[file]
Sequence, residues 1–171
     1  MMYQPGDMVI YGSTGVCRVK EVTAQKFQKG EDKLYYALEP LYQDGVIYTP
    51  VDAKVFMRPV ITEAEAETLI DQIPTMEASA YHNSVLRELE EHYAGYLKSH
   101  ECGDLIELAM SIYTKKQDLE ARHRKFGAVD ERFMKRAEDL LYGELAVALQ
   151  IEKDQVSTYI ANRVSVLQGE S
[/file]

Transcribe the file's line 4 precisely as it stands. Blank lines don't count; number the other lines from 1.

   101  ECGDLIELAM SIYTKKQDLE ARHRKFGAVD ERFMKRAEDL LYGELAVALQ